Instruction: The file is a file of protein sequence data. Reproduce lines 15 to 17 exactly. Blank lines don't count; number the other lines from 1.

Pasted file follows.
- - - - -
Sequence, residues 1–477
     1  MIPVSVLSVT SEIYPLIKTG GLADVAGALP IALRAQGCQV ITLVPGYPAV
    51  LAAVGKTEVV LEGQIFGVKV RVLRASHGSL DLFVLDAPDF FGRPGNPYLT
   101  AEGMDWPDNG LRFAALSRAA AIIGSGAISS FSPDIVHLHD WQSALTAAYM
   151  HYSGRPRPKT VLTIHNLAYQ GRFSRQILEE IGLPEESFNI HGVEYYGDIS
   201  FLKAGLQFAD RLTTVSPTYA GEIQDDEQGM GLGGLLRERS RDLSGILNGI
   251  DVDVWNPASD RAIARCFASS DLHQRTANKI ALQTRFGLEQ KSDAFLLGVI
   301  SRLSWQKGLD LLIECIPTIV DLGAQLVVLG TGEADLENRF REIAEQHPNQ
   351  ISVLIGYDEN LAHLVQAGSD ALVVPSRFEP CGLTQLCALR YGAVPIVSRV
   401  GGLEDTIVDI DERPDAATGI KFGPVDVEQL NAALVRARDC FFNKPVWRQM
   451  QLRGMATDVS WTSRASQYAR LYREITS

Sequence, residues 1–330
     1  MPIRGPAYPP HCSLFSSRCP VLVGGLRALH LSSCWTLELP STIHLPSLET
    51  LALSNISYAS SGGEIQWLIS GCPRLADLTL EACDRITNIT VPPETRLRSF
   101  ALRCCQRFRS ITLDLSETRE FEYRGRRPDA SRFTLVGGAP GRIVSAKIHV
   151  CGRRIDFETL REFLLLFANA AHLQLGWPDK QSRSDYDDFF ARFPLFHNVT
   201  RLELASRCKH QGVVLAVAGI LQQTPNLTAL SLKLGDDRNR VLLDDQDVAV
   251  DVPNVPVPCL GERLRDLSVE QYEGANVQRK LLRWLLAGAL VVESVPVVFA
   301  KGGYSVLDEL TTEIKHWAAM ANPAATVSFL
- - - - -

   101  ALRCCQRFRS ITLDLSETRE FEYRGRRPDA SRFTLVGGAP GRIVSAKIHV
   151  CGRRIDFETL REFLLLFANA AHLQLGWPDK QSRSDYDDFF ARFPLFHNVT
   201  RLELASRCKH QGVVLAVAGI LQQTPNLTAL SLKLGDDRNR VLLDDQDVAV